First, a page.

Some Aspects of the History of Astrology in Estonia

Enn Kasak. Vőru

The present treatment is an essay rather than an analytical treatise. The title of the paper might give the wrong impression that the subject is ancient Estonian folk astrology. This is certainly a subject worth discussing, but at some other time. Here I would like to deliberate over the rise of astrology as a kind of new folk religion in Estonia, which has taken place just recently, under our very eyes. Unfortunately the introductory part of the paper must be quite extensive, but I hope I shall be able to touch upon the subject as well.

I am an astrophysicist, but my principal hobby is the history of cosmology, astronomy and astrology and the problems of interrelationship between cosmology and culture. At the present age of technocracy, though with the growing prestige of the humanities, people usually are not aware of the significance of the cosmological world view to culture, and vice versa. To give a rather commonplace and arbitrary example, the situation might be compared to the Olympic sprint, where the spectators see the weighty role of the stadium, but are not conscious of the fact that the stadium lies on the ground.

If we try to understand the great popularity of modern astrology, the relationship between humanities and sciences gives us a key. If a physicist with linguistic interests is approached by someone who has invented an impressive theory about the linguistic relationship between, say, the Sumerian, Japanese, and Estonian languages and illustrates it with vivid examples and analogues, it may sound quite convincing. Let us bring forward the problem: How can a man of sciences protect himself from the humanities' nonsense?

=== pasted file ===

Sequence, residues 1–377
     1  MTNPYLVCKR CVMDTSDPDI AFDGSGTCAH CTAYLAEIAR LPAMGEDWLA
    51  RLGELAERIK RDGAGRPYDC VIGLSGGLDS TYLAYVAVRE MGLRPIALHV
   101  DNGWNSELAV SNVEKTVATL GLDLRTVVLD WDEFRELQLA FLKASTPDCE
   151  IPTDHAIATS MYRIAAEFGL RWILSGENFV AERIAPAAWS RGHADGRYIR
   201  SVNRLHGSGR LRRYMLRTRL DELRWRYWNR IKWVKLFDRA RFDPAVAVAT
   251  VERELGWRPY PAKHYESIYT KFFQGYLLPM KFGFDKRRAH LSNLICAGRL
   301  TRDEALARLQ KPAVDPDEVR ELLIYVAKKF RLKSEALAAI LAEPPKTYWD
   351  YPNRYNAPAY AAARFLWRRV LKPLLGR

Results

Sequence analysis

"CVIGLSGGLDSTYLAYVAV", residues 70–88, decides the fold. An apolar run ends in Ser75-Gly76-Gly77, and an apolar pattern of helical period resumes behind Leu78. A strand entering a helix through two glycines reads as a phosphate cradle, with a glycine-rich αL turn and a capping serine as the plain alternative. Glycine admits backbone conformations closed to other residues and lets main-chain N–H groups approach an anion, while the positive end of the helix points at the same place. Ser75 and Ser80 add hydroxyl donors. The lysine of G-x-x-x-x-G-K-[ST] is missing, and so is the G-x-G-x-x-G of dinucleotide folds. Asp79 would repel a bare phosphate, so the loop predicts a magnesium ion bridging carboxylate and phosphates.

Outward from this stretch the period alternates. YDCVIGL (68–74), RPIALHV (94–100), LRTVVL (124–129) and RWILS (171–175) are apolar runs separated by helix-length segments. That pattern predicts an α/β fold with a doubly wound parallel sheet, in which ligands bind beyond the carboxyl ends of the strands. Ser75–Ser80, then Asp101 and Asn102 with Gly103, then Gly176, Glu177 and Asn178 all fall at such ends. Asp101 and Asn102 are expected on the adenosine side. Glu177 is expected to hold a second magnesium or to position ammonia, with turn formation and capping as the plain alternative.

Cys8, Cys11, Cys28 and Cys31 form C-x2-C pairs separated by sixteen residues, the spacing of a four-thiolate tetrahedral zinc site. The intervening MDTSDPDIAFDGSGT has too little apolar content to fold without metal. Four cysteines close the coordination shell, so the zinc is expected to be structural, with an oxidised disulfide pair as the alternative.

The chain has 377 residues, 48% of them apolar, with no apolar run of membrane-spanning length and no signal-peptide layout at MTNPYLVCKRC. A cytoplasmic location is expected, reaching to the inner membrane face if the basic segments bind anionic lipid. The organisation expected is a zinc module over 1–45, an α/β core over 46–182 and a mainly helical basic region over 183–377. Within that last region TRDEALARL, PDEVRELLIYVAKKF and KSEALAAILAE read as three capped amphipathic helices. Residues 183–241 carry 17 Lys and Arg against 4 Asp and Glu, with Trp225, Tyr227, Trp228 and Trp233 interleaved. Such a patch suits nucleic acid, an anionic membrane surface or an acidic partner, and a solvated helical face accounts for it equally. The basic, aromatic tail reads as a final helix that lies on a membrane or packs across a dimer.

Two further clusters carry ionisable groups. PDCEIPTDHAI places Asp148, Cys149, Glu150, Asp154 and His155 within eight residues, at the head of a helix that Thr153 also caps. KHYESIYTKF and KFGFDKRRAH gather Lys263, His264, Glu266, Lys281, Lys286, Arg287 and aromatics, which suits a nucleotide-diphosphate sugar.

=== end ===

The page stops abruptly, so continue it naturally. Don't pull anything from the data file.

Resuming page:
Let's go on a man of humanities is approached by a man (or woman) preaching the cosmic influence or the effect of esoteric energy fields on human body, psyche, spirit and fate He or she illustrates the theory with beautiful scenes, convincing stories and complicated calculations All that may also sound convincing Hence the problem How can a man of humanities protect himself from scientific nonsense?

Both problems can be solved if we find out what it is that protects a man of humanities from the nonsense of the humanities and a man of sciences from scientific absurdity The solution is in the technical terms If a scientific babbler talks about energy, a physicist sees that this individual applies the word "energy", a technical term in physics, in a totally wrong meaning The nonsense-man replies to his criticism, saying that the scientist is narrow-minded and cannot grasp new, expanded ideas about energy He calls for tolerance and wise consideration A humanitarian often cannot see the joke in this answer The joke begins, however, if we look what in the world of the humanities would correspond to the terminology of physics in the world of the sciences The answer is personal names For example, if a nonsense man of humanities says, "When Immanuel Kant left China in the 5th century VS and moved to India ", then, for some reason, a scholar of the humanities will also grow cynical and would know nothing about the expanded interpretation of Kant's biography So the solution to the problem is you can protect yourself from the nonsense when you make it clear to yourself what exactly the terms in the question mean.

I would not like to elaborate on why astrology seems to be, and perhaps sometimes is, very successful What I think important is that specialists in astronomy and the history of astronomy have long ago understood that astrology is not a science and therefore no astrologist has written a really good and thorough treatise on the history of astrology for centuries, with the exception of some writings concerning the history of culture (Boll 1926) (A little remark for fans of astrology that astrology is not a science does not mean that this field of human activity can be dismissed automatically).